Life on The Frontline – Week 20

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A weekly blog from a family made by adoption, warmed by the laughter, broken by the sadness, held together by love with a big dollop of hope, oh, and often soaked in mummy tears.

We’ve been on half term this week, which has been at odds with most of the country, which is just about to start their holiday. However, for us it was very well timed, as the hard slog of school had beaten us all. We needed to rest and indulge in activities that make us feel good.

So we booked Tall on a rock climbing and abseiling day, which he very happily went off to with his BFF and Small and I set about the activity he, well we both, love. It’s become a bit of a holiday ritual now and Dad rolls his eyes and worries for his bank balance as we set off shopping.

The whole day has a ritual to it, we know what we like to do and the order we like to do it in. We have a favourite parking spot, at this big out of town shopping centre, its right by the entrance to Selfridges. We always go into Selfridges first to use the facilities; we don’t want our shopping interrupted by the need to spend a penny.

Then we head towards Build a Bear and the Disney shop, two of Small’s very favourite shops. On this occasion he had managed to accrue a little sum of money, pocket money and a little from his bank, so he was excited to be able to spend. Although he doesn’t spend straight away, he looks and mentally takes notes of what he likes, “we can always come back later” he says.

Decision making can be a big problem for Small, even deciding on what to eat for breakfast has caused much anxiety in the past. To avoid hasty choices and later regrets, he now takes time over his decision making and enjoys browsing everywhere before buying. I must say, much to my husband’s past dismay, he is a boy after my own heart. I too hate to feel I’ve missed something and often end up returning to the first shop visited, after hours of exhausting all other prospects.

We then head to Waterstones, where I always treat him to a book. This is a tactical purchase on my behalf; later if I need to frequent changing rooms Small will have something to do.

From here on it depends what else we are shopping for but we inevitably end up pottering down the long avenues of the shopping centre, popping in and out of shops.

The only other ritual we have is lunch. This time our favourite eating spot is not too busy, no queue and we secure a booth, that’s the charm of half term without the rest of the world. If you’ve not been to Yo Sushi, it’s one of those fun eateries where the dishes go by on a conveyer belt and you choose what you want. It’s great with children, because it’s so instant, however they do need to like the type of food, mostly Japanese, I think.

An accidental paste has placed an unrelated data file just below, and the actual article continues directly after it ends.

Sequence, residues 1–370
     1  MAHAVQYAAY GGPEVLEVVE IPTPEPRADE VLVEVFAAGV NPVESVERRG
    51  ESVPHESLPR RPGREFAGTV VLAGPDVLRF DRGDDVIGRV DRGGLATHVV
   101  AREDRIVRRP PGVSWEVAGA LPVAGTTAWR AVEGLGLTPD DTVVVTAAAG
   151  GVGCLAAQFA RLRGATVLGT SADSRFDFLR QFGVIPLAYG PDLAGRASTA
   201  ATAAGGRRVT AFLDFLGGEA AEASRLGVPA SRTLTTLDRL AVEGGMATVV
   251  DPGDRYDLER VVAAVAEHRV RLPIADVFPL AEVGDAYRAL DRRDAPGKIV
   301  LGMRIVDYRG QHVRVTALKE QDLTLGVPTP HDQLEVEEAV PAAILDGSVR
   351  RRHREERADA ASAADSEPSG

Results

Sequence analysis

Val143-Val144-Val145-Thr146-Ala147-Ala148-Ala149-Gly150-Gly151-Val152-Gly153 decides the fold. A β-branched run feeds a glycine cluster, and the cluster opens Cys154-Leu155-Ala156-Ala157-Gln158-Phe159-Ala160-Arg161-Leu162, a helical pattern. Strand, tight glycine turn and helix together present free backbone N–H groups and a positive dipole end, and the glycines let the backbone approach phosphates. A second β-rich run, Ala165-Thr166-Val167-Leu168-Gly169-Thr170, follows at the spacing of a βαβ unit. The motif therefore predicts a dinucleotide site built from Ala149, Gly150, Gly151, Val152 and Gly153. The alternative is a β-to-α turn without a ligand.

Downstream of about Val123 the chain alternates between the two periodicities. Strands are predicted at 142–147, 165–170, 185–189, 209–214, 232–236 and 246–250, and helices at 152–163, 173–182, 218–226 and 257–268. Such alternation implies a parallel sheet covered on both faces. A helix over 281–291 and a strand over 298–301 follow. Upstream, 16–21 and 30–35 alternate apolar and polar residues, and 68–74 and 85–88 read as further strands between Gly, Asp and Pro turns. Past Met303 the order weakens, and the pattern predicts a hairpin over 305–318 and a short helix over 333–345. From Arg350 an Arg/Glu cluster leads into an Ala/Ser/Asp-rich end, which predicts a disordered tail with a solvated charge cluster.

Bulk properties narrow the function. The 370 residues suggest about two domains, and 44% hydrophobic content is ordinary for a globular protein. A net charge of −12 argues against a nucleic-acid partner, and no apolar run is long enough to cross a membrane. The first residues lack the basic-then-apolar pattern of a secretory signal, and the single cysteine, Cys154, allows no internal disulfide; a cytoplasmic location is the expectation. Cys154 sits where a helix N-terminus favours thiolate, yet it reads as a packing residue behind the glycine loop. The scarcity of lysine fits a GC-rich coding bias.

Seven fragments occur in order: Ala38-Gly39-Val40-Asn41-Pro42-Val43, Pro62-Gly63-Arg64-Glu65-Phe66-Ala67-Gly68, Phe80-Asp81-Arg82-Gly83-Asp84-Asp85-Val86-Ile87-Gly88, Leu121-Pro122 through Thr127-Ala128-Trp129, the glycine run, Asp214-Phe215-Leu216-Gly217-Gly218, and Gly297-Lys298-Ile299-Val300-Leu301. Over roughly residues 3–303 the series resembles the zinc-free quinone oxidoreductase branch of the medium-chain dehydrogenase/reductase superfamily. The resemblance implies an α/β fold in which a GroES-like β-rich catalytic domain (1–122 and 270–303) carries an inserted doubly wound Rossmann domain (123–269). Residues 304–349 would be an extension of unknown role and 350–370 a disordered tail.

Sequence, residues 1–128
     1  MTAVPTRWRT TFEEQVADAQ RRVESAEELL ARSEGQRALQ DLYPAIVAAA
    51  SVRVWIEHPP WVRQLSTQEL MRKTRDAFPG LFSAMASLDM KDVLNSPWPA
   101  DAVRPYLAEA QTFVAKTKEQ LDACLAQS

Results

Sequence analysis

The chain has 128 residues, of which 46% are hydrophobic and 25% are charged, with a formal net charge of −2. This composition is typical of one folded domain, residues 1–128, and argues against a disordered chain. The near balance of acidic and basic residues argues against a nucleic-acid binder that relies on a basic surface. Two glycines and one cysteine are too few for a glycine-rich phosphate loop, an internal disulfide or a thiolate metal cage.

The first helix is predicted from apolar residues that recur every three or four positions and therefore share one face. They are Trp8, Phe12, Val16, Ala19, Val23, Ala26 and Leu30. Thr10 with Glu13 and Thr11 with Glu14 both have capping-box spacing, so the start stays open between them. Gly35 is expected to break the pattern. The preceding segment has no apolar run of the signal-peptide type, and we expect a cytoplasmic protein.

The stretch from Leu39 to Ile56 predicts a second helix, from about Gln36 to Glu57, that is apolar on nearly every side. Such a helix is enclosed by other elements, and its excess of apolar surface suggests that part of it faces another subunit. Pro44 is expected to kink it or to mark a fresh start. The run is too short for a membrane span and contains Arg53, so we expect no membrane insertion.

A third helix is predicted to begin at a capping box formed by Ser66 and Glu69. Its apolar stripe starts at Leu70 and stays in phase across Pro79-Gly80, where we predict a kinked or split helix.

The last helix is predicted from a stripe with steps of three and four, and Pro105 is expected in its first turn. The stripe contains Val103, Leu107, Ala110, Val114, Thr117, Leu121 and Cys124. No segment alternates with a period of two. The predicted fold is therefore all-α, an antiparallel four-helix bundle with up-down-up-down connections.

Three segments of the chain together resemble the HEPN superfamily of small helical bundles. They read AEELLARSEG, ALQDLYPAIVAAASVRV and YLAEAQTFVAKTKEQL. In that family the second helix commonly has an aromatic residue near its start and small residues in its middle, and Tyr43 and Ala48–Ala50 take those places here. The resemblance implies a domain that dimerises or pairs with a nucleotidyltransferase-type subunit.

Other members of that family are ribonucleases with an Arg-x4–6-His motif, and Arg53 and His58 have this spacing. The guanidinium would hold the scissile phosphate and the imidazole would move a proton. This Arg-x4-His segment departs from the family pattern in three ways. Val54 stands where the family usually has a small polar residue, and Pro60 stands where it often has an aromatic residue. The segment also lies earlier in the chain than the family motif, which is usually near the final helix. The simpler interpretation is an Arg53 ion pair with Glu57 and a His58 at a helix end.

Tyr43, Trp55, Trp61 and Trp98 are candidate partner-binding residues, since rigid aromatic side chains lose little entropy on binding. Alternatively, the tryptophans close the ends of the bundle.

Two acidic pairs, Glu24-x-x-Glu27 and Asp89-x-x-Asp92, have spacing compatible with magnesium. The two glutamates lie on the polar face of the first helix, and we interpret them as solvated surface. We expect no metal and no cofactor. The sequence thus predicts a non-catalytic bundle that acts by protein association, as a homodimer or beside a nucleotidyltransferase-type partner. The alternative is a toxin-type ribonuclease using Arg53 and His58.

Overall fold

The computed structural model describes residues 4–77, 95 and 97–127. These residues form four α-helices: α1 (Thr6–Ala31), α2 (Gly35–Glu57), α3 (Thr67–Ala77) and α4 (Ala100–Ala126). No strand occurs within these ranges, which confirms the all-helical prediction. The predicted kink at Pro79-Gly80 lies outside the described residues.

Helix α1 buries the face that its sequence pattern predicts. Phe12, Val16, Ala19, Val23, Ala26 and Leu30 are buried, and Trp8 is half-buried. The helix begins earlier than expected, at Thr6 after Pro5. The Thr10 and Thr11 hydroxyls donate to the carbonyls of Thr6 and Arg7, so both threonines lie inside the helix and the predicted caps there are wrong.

We nibble, with chop sticks, on a spicy chicken salad which Small loves and he orders a Katsu curry as well. I just dip into this and that, which I select as they pass, offering Small a taste if he fancies. We also mull over possible purchases and plan the rest of our day.

So an hour or so later and after another trip to the conveniences of Selfridges, we head back to the car. We bundle our shopping bags into the car and set off home.

Small is delighted with his purchases of a Marry Poppins doll and some outfits for his bear. In the car he marvels at what excellent choices he’s made and I have to agree with him.

Yes you made some great choices today and you know the best thing about it, is you made them on your own”

“I did didn’t I, I think I’ve done really well”

This time we spend together has become very special to me and I realised on this trip just why. When Small and I wander around the shops together, he is at ease and happy, he chatters freely and is very much himself. I’m aware of the danger of material objects being the thing that fill an emotional hole for Small, but it seems more than the things he buys. He enjoys the whole ritual of the day; it’s the delight of doing something we both enjoy.

When we get home Tall is full of the wonderful adventure he has been on, abseiling from a very high bridge and climbing sheer rock faces. It’s fun sharing stories from our day and Tall is thrilled with the book I bought for him too. Later both boys head to bed without a thought , a new book to read and tiredness in their eyes, after an active day for both.

 

In Other News

Tall has baked a cake this weekend, on his own, from scratch. He loves to cook and I’m happy to encourage him, especially if it’s cake he’s making.

I went out to a gig with a friend on Friday. It was very impromptu, she texted me and asked if I fancied it. My instinct was to say no, but something inside me said “stop saying no to everything”. So I organised everyone and off I went and had a great time.

We had Smalls revise EHC back, after we asked for more content to fully explain Small’s complex needs. I’m delighted that we’ve managed to secure an additional four hours of support. It doesn’t sound much but I had been led to believe it would be like getting blood from a stone, so I’m pleased.

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